In 1985, Paramount Pictures released That Was Then, This Is Now and Fox Television adapted The Outsiders for a television series. Taming the Star Runner, Hinton's fifth book, was a departure for her. “For the first time, I told the story in the third person. My son, Nick, was then four, and I was so involved with him that I didn't have the emotional space to become a completely other person.”

After Taming the Star Runner, Hinton took a seven-year break. She was busy with Nick, and she says, “I couldn't think of a single thing to say. I didn’t have a writer’s block—I was writing plenty: screenplays for my novels, television scripts, advertisements. I simply didn't have a story I wanted to tell.”

When she found a story, it was directly from her life. Big David, Little David is a hilarious picture book about a joke she and her husband played on Nick when he was entering kindergarten. On his first day at school, little Nick meets a boy who, like Nick's father, has dark hair, glasses, and is named David. “He's not you, is he?” Nick asks his father. “Oh, yes, that's me,” Big David says. A rollicking tale of confused identity follows.

No more outsiders, no more tough boys, but Big David, Little David shares with all of Hinton’s work a deeply autobiographical thread.

“The Puppy Sister is actually the most autobiographical of all of my books,” she says. “Nick is an only child and was not an animal person. He was a little bit afraid of dogs, but I was determined to get him a puppy so he could connect and share attention in the family. We got our puppy when Nick was eight, and there was so much sibling rivalry between the two that he once accused me of loving the dog more than I loved him. `Honey,’ I told him, `it's not true. I love you more: you’re housebroken.’” Hinton knew the story of puppy-boy rivalry was a good one, but she needed a hook. Nick provided it. One day the three of them came home from a walk and Nick said to his mother, “I wonder when she will turn into a person.” And The Puppy Sister was born.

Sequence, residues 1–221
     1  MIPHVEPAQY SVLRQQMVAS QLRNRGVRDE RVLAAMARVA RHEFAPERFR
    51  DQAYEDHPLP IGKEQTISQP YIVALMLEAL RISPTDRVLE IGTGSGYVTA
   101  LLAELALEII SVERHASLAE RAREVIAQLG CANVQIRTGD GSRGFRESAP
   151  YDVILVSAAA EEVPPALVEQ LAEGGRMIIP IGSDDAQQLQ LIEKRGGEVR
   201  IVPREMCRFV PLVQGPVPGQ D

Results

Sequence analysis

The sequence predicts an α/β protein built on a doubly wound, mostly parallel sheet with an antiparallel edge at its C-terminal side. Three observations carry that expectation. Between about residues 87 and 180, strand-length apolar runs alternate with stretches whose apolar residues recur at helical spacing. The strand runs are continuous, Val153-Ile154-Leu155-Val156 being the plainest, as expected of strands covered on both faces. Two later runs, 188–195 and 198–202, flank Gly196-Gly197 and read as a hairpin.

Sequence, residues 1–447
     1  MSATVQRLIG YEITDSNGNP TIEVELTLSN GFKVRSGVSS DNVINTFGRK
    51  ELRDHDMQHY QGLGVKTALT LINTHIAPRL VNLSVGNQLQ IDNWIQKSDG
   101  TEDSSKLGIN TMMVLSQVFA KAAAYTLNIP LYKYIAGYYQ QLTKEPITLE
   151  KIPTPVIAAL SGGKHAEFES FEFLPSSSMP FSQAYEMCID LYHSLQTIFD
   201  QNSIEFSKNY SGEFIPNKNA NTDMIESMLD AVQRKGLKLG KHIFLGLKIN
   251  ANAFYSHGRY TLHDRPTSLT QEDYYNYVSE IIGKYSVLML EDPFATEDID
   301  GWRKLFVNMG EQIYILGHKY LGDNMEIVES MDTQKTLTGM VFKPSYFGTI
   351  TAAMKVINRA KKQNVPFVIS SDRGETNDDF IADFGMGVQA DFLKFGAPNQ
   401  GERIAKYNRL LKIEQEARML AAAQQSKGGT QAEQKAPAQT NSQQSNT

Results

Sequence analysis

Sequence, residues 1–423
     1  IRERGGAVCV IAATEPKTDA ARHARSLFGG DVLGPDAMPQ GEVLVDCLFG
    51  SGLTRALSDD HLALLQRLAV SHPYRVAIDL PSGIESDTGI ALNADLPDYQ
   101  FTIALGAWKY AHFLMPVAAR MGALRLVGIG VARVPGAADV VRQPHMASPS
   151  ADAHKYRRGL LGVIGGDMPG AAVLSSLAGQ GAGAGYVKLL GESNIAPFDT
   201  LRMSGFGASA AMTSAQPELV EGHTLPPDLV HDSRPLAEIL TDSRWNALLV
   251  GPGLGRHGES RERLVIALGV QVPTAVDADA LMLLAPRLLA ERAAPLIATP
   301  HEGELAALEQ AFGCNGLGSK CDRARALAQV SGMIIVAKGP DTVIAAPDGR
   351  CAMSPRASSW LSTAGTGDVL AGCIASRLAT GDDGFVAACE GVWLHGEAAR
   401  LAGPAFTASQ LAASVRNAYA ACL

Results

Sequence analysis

When Hinton’s not writing, she rides her horse, takes courses at the university, and is involved in Nick's school. “I’m not any one thing, and that's a reason I don't mind having a separate identity for my writing. I’m an author, but I'm also a mother, a friend, a horseback rider, a decent cook. Being involved domestically keeps me in touch with reality.”

S. E. Hinton on Becoming a Writer

Q. What made you decide to become a writer?

I loved reading and I loved writing. I was really focused, and writing is easy for me because I never write unless I have something to say.

Q. How do you begin to write your books?

I always begin with a character in mind and an ending I want to get to. I like my characters to grow, to show some change. So I know that in the middle of the book I'll have to figure out how to make the change happen. The middle is the hardest part for me.

Q. How did you get your first book published?

I showed the manuscript of The Outsiders to a friend whose mother was an author. She liked it and gave it to a friend who was also a writer and who had an agent. The agent liked it and sold it to the second publisher who read it. I'd never even heard of agents at 17, and I still have that first agent.